PHOTO: Andrew Hudson
Bob Fraser has many remembrance days, some welcome, some not.
At 91, Fraser is best known for his paintings – bright scenes of life in the Beach and along the boardwalk.
But in the spring of 1944, Fraser was far from the Beach and his lifelong home on Silver Birch Avenue.
He was a 20-year-old rifleman picking his way over the hills and ravines of occupied Italy.
“Nice country, if they don’t shoot at you,” he says.
Often under fire and rarely indoors, Fraser marched with the 48th Highlanders and 1st Canadian Division to Rome, then ringed by the Adolf Hitler Line.
Travelling in small groups of maybe a half-dozen, they had little radio contact through the day.
At night, if the enemy was close, they slept by digging a hole in the ground and crawling in.
Fraser later sketched a few scenes from the campaign.
One shows the German paratrooper who snuck up on his platoon and disarmed three men before he suddenly turned and fired a machine gun at Fraser and two others.
“How he missed me, I don’t know,” he said.
One comrade was wounded. Another shot the paratrooper dead.
But Fraser has other perennial memories of the war that he never put to paper.
Marching up a road in Italy, Fraser saw something strange up on the five-foot embankment.
“I looked to my left and you could see German helmets in a row, like they were at the edge of a trench, ready to put on if they needed them.”
Fraser was bringing up the rear. No one else had seen the helmets, not even his section leader, who was over six feet tall.
“As it turned out, it didn’t matter,” he said.
But the memory bugs him anyway.
“They could have suddenly become occupied, those helmets, when they heard us coming up.”
Fraser had no quick way to warn anyone.
“I was a little squirt at the end of the line.”
After surviving snipers, gun turrets and mortar fire, and a full-scale battle at the Hitler Line, Fraser got a week off in Rome. It was his first leave in over a year.
From there, Fraser was reassigned to Belgium and then to Holland, where the cities were under a truce so food could get to the starving civilians.
On May 8, 1945 – Victory in Europe Day – Fraser rode into Apeldoorn, in the Netherlands, and saw the streets lined with people waving in joy.
“We got on trucks and went right through – the people went crazy,” he said, laughing.
Before enlisting in the army, Fraser had left Malvern Collegiate in Grade 10 to work in a law office and then as a Globe and Mail copy boy.
It was a kids’ job, he said, mostly delivering wire stories as they came tapping in letter-by-letter from the teletype machines connected to places like Montreal, Ottawa or New York.
Fraser heard those machines ring for Pearl Harbour, and the day the casualty list of the 907 Canadians killed at Dieppe came in.
“The night they produced the casualty list on the teletype, there were hundreds and hundreds of names coming in – just the ones from around Toronto,” he said.
Fraser admired the reporters he met at the Globe, including sports writer Jim Coleman and a 17-year-old June Callwood, who would quickly climb the ladder to become one of Canada’s top social justice reporters.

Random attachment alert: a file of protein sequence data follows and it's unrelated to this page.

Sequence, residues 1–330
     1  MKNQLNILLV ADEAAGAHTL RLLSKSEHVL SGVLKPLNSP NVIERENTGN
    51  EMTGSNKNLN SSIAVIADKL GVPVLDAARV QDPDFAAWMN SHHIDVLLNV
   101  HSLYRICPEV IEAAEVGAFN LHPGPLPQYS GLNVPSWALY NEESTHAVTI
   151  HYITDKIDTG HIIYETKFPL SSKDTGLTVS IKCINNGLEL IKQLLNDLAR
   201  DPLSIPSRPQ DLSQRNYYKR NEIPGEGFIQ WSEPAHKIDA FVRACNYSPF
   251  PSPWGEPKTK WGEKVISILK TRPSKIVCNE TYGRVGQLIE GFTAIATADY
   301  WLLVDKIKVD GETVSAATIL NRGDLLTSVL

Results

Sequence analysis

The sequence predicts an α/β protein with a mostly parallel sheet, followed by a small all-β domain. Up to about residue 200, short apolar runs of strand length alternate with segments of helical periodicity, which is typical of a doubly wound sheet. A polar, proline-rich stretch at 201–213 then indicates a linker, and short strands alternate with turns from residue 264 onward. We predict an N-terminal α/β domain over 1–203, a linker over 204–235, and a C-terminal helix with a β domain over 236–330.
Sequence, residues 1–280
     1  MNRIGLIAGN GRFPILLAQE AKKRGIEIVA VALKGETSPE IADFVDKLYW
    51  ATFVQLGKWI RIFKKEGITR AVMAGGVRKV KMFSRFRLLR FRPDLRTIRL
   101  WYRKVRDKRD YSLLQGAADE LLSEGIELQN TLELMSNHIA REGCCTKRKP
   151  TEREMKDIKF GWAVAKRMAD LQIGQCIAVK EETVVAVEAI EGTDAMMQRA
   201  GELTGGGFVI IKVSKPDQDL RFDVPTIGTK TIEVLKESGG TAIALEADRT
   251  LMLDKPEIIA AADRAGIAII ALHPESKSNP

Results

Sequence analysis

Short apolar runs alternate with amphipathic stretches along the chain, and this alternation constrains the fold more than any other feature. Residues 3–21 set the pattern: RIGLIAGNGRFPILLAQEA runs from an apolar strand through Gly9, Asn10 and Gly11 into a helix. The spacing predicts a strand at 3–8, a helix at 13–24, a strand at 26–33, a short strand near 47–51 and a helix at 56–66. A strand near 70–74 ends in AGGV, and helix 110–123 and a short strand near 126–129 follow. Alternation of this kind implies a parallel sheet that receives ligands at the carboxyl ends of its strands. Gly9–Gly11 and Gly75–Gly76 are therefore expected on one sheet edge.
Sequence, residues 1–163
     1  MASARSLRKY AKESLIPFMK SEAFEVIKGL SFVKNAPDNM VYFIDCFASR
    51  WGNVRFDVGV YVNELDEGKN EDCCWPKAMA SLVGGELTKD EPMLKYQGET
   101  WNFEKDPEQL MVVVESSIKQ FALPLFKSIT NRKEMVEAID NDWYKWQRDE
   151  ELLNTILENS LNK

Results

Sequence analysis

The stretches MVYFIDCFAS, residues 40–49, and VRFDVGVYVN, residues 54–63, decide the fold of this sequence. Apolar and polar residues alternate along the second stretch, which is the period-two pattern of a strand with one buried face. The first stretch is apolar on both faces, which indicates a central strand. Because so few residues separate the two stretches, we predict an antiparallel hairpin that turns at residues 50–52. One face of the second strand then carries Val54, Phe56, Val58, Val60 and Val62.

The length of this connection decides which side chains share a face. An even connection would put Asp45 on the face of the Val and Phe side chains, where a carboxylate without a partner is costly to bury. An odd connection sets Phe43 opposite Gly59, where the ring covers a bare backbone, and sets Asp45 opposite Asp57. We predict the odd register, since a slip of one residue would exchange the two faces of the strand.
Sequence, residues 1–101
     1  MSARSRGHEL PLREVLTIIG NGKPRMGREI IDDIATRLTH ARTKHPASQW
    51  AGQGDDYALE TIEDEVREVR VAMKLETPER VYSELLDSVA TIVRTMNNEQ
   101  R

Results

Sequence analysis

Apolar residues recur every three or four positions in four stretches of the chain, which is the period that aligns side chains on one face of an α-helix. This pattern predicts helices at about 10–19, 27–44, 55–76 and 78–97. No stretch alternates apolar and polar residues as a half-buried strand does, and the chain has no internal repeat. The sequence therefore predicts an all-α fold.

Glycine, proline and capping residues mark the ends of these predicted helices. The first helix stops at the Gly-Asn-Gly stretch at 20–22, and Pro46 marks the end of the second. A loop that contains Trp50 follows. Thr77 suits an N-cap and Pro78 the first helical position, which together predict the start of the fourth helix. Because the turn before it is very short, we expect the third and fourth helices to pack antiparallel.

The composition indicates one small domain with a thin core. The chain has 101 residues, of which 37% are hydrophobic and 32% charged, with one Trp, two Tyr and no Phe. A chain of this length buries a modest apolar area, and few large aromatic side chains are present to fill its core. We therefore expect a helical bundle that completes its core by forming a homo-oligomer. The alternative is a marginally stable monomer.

“She was the same age as me,” he said, smiling. “And she was quite an attractive lady.”
It was against the rules, but sometimes when the teletypes went quiet, Fraser and other copy boys would use them to message each other – maybe the only teens who sent text messages in 1942.
Much as he enjoyed his time at the Globe, when Fraser returned to Toronto in 1945, he didn’t want to be a reporter.
“I felt I needed to paint,” he said, noting that he had always enjoyed drawing as a kid.
“It’s almost like I had a message.”
Fraser enrolled at the Ontario College of Art, where he studied commercial art from 1946 to 1950.
Afterwards, he freelanced catalogue illustrations, even did some gag cartoons for magazines.
But Fraser’s painting evolved.
Today, the walls of the Silver Birch house display just a few dozen of his 150 paintings – portraits and neighbourhood scenes.
Fraser captured a summer ballgame at Kew Gardens, the players lit by floodlights, the bleachers full, lamps glowing in the windows along nearby Waverley Road.
He painted kids tobogganing down the Glen Stewart ravine – something he did with friends in a bobsleigh in the 1930s – and showed tow trucks pulling illegally parked cars off a bustling Queen Street in the 1990s.
There is a portrait of his aunt at 100, and a friend’s daughter at 18 months. Another portrait shows his friend Phil Williams in his master corporal’s uniform, while other paintings show the 48th Highlanders’ band in full regalia at Kew.
Four years ago, a heart attack slowed Fraser’s painting, but he is back at it now.
Beside the easel of his upstairs studio is a sunset volleyball game on Balmy Beach and a smiling portrait of his mother that he started years ago, but which always missed something – a chocolate cake in her hands that now just needs some icing.
While he doesn’t go out of his way to market his art, he has sold many paintings and prints, and done several commissions, including a childhood view of Silver Birch Avenue.
“I don’t try and sell them,” said Fraser. “I’m just painting for myself.”
On Nov. 7, though, Fraser’s paintings will have an audience. He is planning to invite his neighbours over after a special event, the naming of Bob Fraser Lane.
Tucked between Kingston Road and the houses on Silver Birch and Willow Avenue, the little lane is a popular spot for potlucks and barbecues – scenes, maybe, for a future painting.
“I was honoured by it,” said Fraser, whose name was chosen by neighbourhood vote.
A painter whose nine decades on Silver Birch were broken only by the war, it is hard to imagine anyone who better represents the street.
But Fraser sees another affinity.
“It’s not much of a lane,” he joked, laughing. “It doesn’t go anywhere.”